Figuring fish and measuring men: the individual transferable quota system in the Icelandic cod fishery

Gísli Pálsson*, Agnar Helgason

*Corresponding author for this work

Research output: Contribution to journalArticlepeer-review

100 Citations (Scopus)

Abstract

This article discusses inequality in the Icelandic cod fishery, focusing on changes in the actual distribution of fishing quotas and the ways in which Icelanders currently talk about equity and ownership. The individual transferable quota (ITQ) system, introduced in 1984, divided access to an important resource among those who happened to be boat owners at that time. Statistical findings with respect to the cod fishery - based on a database (the 'Quotabase') constructed using detailed information on all vessels that have been allotted ITQs from the onset of the system - show that ITQs have been increasingly concentrated in the hands of the biggest companies. Many of the small-scale boat owners that still hold ITQs are increasingly compelled to enter into contracts that involve fishing for larger ITQ holders. It is suggested that the distribution of ITQs, as well as their evaluation in social discourse, represents an important field of research. In Iceland, public discontent with the concentration of fishing rights and the ensuing social repercussions is increasingly articulated in terms of loaded metaphors, including 'profiteering', 'tenancy' and 'lords of the sea'. It is argued that the ultimate efficiency of management programs may be jeopardized if managers ignore the history and culture of the fisheries involved and the likely social and ecological consequences of their programs.

Original languageEnglish
Pages (from-to)117-146
Number of pages30
JournalOcean and Coastal Management
Volume28
Issue number1-3
DOIs
Publication statusPublished - 1995

Bibliographical note

Funding Information:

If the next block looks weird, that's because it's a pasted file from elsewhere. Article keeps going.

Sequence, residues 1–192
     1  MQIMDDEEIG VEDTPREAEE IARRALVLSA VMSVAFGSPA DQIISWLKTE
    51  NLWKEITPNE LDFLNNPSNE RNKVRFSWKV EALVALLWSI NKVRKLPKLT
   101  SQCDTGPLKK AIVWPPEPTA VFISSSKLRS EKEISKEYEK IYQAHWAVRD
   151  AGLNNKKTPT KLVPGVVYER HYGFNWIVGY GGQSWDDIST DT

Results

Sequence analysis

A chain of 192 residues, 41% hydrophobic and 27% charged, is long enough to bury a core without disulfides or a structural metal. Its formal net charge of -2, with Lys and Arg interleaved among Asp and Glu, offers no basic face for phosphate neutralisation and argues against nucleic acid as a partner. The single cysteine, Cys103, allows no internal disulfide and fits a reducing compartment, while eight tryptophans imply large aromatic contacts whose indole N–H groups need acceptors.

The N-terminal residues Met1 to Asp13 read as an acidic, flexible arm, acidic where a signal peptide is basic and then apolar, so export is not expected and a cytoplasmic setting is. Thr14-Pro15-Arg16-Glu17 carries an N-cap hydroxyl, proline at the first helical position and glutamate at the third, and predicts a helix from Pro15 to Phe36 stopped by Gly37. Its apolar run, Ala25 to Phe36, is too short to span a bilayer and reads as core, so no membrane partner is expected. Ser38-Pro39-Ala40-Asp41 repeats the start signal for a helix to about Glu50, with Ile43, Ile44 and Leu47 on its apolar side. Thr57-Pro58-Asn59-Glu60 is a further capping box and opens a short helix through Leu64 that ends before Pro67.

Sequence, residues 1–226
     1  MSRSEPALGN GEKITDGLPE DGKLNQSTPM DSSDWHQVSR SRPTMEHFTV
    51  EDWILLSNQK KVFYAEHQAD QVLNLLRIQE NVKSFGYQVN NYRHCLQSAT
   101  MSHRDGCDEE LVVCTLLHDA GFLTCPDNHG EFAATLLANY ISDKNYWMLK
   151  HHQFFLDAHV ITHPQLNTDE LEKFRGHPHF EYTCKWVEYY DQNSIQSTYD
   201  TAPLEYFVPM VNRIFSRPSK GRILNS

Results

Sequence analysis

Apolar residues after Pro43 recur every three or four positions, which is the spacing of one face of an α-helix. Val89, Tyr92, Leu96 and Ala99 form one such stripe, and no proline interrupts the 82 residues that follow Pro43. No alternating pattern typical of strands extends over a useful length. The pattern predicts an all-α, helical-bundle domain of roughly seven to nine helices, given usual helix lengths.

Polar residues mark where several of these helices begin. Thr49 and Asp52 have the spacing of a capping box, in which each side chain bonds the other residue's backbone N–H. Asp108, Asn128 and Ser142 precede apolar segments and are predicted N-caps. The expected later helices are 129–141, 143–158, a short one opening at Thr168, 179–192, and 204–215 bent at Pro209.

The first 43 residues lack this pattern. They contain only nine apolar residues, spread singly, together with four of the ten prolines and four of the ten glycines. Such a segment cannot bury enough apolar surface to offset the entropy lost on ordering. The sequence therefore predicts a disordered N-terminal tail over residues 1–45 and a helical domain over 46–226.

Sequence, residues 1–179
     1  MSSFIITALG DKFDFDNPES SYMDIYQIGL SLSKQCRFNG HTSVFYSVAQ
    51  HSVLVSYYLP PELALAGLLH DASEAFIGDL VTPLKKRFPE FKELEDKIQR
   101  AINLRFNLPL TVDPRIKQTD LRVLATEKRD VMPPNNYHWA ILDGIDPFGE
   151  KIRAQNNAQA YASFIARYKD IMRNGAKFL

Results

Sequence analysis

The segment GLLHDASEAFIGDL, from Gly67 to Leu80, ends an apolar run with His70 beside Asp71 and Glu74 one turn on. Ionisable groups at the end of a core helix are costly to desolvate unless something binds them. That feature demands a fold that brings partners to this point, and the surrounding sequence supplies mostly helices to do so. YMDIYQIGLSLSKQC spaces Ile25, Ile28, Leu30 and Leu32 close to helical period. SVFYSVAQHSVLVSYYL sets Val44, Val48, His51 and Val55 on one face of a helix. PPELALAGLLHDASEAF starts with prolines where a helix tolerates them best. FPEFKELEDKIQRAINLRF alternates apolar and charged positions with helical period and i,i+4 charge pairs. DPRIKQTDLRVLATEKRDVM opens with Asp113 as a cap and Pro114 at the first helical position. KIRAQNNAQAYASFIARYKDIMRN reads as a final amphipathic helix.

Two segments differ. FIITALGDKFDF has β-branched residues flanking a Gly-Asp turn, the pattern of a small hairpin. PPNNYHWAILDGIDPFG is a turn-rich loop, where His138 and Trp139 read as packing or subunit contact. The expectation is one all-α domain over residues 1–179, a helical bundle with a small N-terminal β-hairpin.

The authors thank the Icelandic Ministry of Fisheries for providing much of the raw data used in constructing the 'Quotabase'. The present study is part of two larger, collaborative research projects, 'Common Property and Environmental Policy in Comparative Perspective', initiated by the Nordic Environmental Research Programme (NERP), and 'Building Resilience, Equity, and Stewardship into Market Approaches to the Resolution of Common Property Problems', funded by the Beijer Institute of the Swedish Academy of Science in Stockholm, coordinated by Susan Hanna. The research on which the article is based has been supported by several other programmes and institutions, including the Nordic Committee for Social Science Research (NOS-S), the University of Iceland, the Icelandic Science Foundation, and the Post-Graduate Research Fund of the Icelandic Ministry of Education. Some of the data and conclusions presented in this article are also discussed in 'Property rights and practical knowledge: The Icelandic quota system', published in Fisheries Management in Crisis: A Social Science Perspective, ed. D. Symes & K. Crean, Blackwell Scientific Publications, 1995. A brief version of the article was presented at the Annual Science Conference of The International Council for the Exploration of the Sea in St. John's, Newfoundland, 22-30 September 1994. The authors thank anonymous reviewers for useful suggestions and comments on an earlier version of the article.

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